The union bosses were even willing to call a strike to keep control of that money. That was a pretty radical step for union bosses in the late 1990's..most labor leaders are scared to death of class conflict with the employers..it goes against their belief in "labor management partnership". These days, when unions do strike, it's usually a case like this one..a battle for control of Taft Hartley benefit funds.
Of course, the Teamster bureaucracy, especially the IBT's reformer General President, Ron Carey, couldn't very well tell the workers that this strike would be all about who'd control that lake of capital created by UPS's high labor turnover. That wouldn't sell very well, ESPECIALLY with the part timers.
Instead, Ron Carey's IBT framed the 1997 negotiations in terms of the part timer issue.
This whole media campaign was concocted, based on the argument that the IBT was the standard bearer in the fight for creating full time employment for part timers. Specifically, the Teamsters came up with a plan that would, supposedly, create full time jobs for 20,000 high seniority UPS part timers (for a UPS part timer, a year or more counts as "high seniority"..cause most part time loaders either quit in disgust or are out on comp within just a few months of hire).
Under Carey's plan, UPS would take away hours from part timers who'd quit or become disabled, and give those hours to that select group of high seniority part timers, thus creating those 20,000 full time jobs.
Of course, the great bulk of UPS part timers, over 75% of the 80,000 part timers on the job at the time, wouldn't gain a damn thing from the job combination.
Beyond the proposal itself, it's significant what Carey DID NOT propose.
Most Teamster agreements have something called an "8 hour minimum"..requiring that all workers who are called in to work get a minimum of 8 hours pay, irregardless of hours worked. Also, under many Teamster agreements, all permanent employees get a minimum of 5 days of work a week.
Considering United Parcel's affluence as a company...it's odd in the extreme that the reformer Carey did not even think of demanding a 40 hour guarantee for ALL UPS workers, thus in one fell swoop abolishing the 1962 unlimited part timer deal.
Especially since UPS was expanding...in the 5 years after the 1997 agreement was ultimately signed, big brown created 53,000 new part time jobs, and 47,000 new full time jobs.
As I suggested earlier in this article, the union could have demanded that the company create no new part time jobs..and reduce the number of new full time jobs by 13,500. The remaining 1.6 million new hours could have given every single one of UPS's 80,000 part timers an 8 hour day, and 40 hour week.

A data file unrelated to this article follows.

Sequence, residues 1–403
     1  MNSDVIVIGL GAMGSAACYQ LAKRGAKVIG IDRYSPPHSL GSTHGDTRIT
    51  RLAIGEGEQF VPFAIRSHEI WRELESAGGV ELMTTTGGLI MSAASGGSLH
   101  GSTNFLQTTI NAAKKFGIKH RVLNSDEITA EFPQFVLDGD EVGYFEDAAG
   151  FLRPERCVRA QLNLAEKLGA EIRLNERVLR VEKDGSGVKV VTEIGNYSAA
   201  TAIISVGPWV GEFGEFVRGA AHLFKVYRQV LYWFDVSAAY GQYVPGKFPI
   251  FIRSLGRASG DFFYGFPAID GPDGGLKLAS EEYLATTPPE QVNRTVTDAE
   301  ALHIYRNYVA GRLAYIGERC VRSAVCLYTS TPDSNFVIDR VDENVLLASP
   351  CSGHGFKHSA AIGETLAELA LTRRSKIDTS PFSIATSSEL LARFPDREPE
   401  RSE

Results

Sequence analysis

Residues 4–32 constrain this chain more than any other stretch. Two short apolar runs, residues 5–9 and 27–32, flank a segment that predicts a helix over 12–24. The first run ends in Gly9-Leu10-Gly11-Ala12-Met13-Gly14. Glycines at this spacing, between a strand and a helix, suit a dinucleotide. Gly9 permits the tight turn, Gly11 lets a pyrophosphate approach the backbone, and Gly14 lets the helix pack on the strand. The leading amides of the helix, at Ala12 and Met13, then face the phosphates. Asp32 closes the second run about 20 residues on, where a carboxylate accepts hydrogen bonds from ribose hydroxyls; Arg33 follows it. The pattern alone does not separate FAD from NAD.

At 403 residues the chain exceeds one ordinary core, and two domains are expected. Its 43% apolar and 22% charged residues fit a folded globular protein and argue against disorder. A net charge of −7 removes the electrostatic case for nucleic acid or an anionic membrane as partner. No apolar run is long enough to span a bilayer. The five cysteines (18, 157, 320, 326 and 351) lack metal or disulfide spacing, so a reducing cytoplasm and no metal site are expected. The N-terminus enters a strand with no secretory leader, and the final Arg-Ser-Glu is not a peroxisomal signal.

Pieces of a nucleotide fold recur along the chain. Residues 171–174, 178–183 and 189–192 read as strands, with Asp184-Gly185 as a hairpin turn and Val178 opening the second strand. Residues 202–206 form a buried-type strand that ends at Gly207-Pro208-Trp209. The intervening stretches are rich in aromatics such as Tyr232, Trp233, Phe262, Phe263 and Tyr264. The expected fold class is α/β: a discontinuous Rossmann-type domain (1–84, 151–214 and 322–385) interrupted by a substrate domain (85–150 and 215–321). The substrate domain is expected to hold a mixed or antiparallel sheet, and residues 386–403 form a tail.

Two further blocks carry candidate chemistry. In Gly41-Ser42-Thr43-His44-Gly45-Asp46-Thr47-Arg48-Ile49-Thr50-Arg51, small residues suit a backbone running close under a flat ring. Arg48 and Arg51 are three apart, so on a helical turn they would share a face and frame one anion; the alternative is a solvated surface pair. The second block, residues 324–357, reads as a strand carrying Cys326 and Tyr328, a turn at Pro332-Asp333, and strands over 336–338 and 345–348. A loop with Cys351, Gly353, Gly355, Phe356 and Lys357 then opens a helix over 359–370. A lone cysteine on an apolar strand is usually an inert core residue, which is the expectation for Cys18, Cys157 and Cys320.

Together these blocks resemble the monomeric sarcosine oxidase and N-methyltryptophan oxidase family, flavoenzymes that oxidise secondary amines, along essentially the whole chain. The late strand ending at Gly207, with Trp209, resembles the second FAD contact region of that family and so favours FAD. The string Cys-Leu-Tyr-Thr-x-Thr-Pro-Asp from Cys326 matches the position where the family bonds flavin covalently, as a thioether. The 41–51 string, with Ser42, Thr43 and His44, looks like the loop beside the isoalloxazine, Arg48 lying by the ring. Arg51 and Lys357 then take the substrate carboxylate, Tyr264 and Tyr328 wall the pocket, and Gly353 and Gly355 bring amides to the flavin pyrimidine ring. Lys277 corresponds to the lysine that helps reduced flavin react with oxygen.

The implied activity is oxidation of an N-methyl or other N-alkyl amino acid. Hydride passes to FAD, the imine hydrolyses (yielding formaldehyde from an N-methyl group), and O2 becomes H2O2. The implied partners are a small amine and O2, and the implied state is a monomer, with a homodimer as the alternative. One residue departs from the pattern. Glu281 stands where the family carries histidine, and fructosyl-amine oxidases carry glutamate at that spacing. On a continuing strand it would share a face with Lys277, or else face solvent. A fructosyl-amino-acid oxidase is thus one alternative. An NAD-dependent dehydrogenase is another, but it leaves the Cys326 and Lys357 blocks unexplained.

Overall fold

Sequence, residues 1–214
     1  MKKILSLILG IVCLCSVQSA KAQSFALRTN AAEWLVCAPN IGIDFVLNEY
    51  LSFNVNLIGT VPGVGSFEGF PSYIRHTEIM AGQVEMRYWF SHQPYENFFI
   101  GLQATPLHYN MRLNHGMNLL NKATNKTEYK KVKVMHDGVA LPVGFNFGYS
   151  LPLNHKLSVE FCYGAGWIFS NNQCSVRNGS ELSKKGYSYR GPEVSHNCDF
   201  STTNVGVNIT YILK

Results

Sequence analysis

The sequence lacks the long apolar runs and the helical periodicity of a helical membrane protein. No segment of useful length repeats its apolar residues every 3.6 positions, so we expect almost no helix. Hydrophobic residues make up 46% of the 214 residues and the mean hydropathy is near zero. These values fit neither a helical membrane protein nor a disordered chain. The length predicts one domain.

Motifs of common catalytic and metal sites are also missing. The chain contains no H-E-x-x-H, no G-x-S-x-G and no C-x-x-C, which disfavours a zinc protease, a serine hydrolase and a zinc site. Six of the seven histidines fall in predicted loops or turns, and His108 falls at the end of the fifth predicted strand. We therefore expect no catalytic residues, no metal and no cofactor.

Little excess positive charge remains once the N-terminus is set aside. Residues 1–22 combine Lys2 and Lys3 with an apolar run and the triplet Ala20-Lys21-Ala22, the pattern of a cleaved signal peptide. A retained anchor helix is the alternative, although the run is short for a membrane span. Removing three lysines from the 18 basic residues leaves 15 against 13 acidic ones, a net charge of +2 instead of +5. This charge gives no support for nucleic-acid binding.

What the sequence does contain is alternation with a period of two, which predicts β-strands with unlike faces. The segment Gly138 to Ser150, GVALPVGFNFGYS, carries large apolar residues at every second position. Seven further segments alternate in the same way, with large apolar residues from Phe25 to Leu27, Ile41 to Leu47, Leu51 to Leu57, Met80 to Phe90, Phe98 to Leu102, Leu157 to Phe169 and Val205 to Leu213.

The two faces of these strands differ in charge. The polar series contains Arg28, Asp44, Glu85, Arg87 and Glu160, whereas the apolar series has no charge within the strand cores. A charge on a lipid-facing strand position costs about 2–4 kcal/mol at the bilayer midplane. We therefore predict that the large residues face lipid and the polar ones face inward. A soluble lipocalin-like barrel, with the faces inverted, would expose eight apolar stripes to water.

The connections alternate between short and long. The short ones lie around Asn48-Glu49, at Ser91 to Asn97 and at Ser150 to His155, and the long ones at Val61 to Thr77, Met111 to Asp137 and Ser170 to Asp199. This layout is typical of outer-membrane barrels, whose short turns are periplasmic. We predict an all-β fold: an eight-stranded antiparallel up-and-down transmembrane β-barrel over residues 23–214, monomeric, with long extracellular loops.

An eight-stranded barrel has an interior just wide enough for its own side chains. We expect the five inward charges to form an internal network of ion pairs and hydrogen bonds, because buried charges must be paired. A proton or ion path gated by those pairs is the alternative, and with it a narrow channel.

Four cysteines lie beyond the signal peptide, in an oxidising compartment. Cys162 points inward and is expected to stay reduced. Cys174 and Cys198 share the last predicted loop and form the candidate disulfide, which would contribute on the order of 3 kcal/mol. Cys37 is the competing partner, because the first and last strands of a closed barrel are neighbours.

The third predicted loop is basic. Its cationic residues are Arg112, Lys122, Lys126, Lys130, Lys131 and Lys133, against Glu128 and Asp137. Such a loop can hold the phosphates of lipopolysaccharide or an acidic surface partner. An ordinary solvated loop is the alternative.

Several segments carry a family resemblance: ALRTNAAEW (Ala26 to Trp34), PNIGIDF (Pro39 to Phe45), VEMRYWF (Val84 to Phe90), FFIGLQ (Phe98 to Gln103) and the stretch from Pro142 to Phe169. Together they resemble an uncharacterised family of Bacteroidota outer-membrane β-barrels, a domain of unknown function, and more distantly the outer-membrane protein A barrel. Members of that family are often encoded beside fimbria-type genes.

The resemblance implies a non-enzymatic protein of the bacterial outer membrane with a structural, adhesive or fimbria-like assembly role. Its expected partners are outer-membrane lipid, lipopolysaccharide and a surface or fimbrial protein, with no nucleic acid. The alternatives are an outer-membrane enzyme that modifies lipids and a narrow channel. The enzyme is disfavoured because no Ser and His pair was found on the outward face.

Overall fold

Of course, if they'd done anything like that, UPS only would have added 32,500 new members to the union, and that just wouldn't do.
At the time, the Teamsters union was losing about 2,000 existing members a week..those 110,000 new UPS Teamsters would keep the union's membership at 1.4 million. That was the only way to keep IBT membership numbers up, since, like most other AFL-CIO unions these days, the Teamsters organizing efforts were, for the most part, complete failures.
And, considering UPS's corporate culture of institutionalized employee abuse, and the resultant 400% annual employee turnover, to keep it's new headcount of 230,000 workers, UPS would have to hire 920,000 new Teamsters a year.
Every one of whom would have to pay an initiation fee to the IBT.
Bottom line, the interests of the great majority of UPS part timers were sacrificed to prop up the collapsing finances of the International Brotherhood of Teamsters...and to keep the welfare and pension funds in the hands of Wall Street bankers and Teamster union bosses, rather than having them under UPS corporate control.
In any event, in the summer of 1997, the strike began.
And, astonishingly enough, just about 100% of the part timers joined in the strike...only a handful of UPS workers scabbed..
Most of them were full timers, folks who had been brainwashed by big brown's cult of "methods" and productivity, Manchurian candidates in brown uniforms, betraying their brothers and sisters, and their own interests, for the benefit of the company.
The part timers showed an amazing degree of pro union sentiment....a great testament to what kind of union men and union women those folks are..
Especially in light of the fact that, for most of the 35 years prior to the 97 strike, the IBT had treated them like red headed stepchildren...ignoring their interests and using them as a money tree to prop up the union's finances.
But, they were big enough to overlook that, and they willingly and enthusiastically walked the line for a union that had done almost nothing for them over the previous 3 1/2 decades. Some of them even fought scab trucks, and risked arrest for the union.
Also, many of these workers were very loyal to Ron Carey and TDU..after all, in 1994, Carey had delivered on the innocent until proven guilty clause, which made it extremely difficult for UPS workers to get fired. And, he'd also gotten that 70 lbs ergonomic language for them too.
Despite the years of neglect, most UPS part timers were willing to bet on Carey...and hope that those 20,000 full time jobs would ultimately be first step towards the other 60,000 part timers getting taken care of.
Ron Carey's IBT had another ace in the hole in 1997...the Wall Street angle. Remember, as I mentioned above, UPS's status as an independent private partnership made it very unpopular with Wall Street, because the moneymen hate companies that they can't control.
That bad blood with the money center banks only worsened when the company made it's move to take it's welfare and pension contributions away from the now Wall Street controlled Teamster funds. That would cost the financiers money, and lots of it..so it just couldn't happen.